Keep a few candles and some matches in a place where you can find them. A refrigerator or freezer without power will keep its contents cold for 24 hours if left unopened. Never use charcoal indoors. These and other helpful hints can be found on your local utility's website under the heading: What to do in case of a power outage. I recommend you go to the site and print off that page. Keep it with your candles; you might need it.

The electric T&D industry was built by the minds of engineers and on the backs of linemen. Engineering and construction are core to our business. Unfortunately, many utilities are trapped and bound by their origins. We are so certain we can engineer and build a better line, a better substation, a better protection system that we fail to recognize the corridors upon which we build our infrastructure are not peripheral to our business; they are absolutely core to our business. Vegetation management, right of way and environmental programs require an intense commitment from the utility to successfully manage these corridors. Today in particular, our industry needs to find the key to effective vegetation management.

Aug. 14, 2003, the day that redefined the word “blackout,” started with a tree. Similar occurrences struck the Western grid in 1996 and Europe later in 2003. Vegetation causes millions of service interruptions to individuals and businesses every year. Trees are the No. 1 cause of electrical outage in North America and are almost always among the top five causes of outages at any given utility.

Let's get some perspective here, folks. Relative to cheetahs and hummingbirds, trees move pretty slowly. A really fast-growing tree can grow 20 ft (6 m) in one year. That works out to 0.000000043425 mph. This begs the question, what exactly is the reaction time of utility industry bureaucracy?

Look around this industry and you will see another merger, another acquisition, another re-organization, another attempt at right-sizing. Everybody is trying to invent the next paradigm shift, but there never is a paradigm shift. Do you want to make a real change? Try pulling your corridor-management departments out of the basement and up to the executive level (or at least out of the sewer and up to the street). Some companies get it; most don't. Even the utilities that get it don't really get it.

Customers in the 1990s expected quality power. Now they demand it. Today's average home office has more computing power than a university or government lab in the 1970s. The technology revolution of the 1980s and 1990s isn't new anymore. Over the past three decades, engineering and construction have risen to the challenge of sophisticated customers. But in spite of the advances, the lights grow dim on far too many occasions.

And when it comes to vegetation and dimming lights, we can't point the finger at research, technology or knowledge base. Sadly, the culprit is execution. The technology curve in arboriculture, or tree science, is remarkably similar to other disciplines, in that there are steady improvements in productivity and effectiveness, and occasional step-function leaps in technology. Tree workers cut limbs with a handsaw until the chainsaw was invented in 1926. Crews stacked brush in the backs of trucks and trailers until the chipper was invented in 1949. Before aerial-lift trucks were introduced to the tree business in 1953, all trees were climbed. Today, insulated-bucket trucks carry line-clearance tree workers quickly and safely to more than half the millions of trees that are trimmed annually to provide clearance near overhead lines.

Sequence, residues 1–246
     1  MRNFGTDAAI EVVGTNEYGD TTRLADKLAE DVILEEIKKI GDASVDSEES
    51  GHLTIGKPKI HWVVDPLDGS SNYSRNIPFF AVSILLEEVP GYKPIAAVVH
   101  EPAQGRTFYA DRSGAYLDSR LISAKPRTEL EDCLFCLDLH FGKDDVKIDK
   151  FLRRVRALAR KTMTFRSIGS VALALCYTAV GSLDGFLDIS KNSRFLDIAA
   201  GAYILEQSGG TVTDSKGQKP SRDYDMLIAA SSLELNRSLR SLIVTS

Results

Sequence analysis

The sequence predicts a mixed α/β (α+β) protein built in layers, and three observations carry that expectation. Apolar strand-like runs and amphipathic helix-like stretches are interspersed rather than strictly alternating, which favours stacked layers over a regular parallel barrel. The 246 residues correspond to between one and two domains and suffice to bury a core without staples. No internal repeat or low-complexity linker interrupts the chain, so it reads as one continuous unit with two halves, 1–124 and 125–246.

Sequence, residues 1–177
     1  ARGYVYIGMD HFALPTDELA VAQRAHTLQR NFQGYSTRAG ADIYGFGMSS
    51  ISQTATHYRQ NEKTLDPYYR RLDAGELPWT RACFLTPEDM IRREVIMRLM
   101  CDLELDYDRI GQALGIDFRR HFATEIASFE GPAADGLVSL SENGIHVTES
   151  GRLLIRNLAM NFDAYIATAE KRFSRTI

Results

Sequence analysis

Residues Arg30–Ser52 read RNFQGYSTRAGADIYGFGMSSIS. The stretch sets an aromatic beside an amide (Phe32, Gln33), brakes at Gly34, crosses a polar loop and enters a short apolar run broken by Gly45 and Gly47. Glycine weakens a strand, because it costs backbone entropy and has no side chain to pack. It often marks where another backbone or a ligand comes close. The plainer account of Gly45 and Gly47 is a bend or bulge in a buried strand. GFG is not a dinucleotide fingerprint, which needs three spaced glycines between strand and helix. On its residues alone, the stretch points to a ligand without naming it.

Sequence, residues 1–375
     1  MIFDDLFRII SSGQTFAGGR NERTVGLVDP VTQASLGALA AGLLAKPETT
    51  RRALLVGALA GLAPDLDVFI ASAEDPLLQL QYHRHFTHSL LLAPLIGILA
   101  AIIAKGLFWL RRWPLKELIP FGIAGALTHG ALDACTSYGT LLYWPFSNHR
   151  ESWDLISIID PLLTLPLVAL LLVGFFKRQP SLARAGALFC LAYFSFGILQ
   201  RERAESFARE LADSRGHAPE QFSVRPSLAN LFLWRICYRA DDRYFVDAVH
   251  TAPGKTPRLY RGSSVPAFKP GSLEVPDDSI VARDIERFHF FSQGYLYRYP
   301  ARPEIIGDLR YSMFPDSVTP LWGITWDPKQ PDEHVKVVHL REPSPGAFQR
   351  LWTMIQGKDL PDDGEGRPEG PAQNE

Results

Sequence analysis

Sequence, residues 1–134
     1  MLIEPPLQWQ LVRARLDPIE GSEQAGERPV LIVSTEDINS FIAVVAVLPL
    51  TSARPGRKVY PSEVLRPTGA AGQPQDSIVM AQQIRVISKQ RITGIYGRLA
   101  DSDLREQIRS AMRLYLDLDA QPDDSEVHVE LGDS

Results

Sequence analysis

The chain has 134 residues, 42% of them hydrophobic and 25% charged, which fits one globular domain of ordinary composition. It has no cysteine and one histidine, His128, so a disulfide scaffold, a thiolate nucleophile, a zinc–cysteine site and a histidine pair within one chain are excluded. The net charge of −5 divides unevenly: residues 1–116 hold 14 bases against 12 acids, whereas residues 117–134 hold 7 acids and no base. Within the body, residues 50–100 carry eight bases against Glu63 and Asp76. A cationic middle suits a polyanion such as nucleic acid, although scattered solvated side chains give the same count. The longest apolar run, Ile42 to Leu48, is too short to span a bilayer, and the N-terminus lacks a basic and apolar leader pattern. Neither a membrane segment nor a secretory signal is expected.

Advances in equipment only represent a small part of the advances in the utility vegetation management industry. More than 20 years ago, a forest-service researcher in New Hampshire reinvented tree biology and taught us how to prune trees to reduce resprouting. A couple of Penn State University professors launched what has become a 51-year vegetation management research project under a transmission line in central Pennsylvania. The chemical industry invented an antihormone that actually reduces the growth of tree limbs when applied to the tree's root system. We have the knowledge. The question is: Do we have the will and desire to implement that knowledge?

The typical utility looks at corridor functions and says, “That is not the business that we are in. It is a necessary evil.” Well, maybe it is evil, but it is also the business we are in. If you agree that our business is energy delivery, then you must also accept that energy delivery rests on the proverbial three-legged stool of engineering, construction and corridor management. Failure in any of these disciplines will break the system. For the past decade, corridor management — particularly vegetation — has been breaking our backs.

A good friend and former colleague refers to the anniversary of the Northeast blackout as “Electric Appreciation Day.” The last Friday in April every year is National Arbor Day. Which one of these will you be celebrating?

Bob Bell is the immediate past-president of the Utility Arborist Association. He has extensive utility vegetation management experience working for municipal and investor-owned utilities throughout North America. He is an ISA-certified arborist and utility specialist. He has a B.S. degree in forest science from Pennsylvania State University and an MBA degree from the University of New Mexico. Rbell@bellwethertraining.com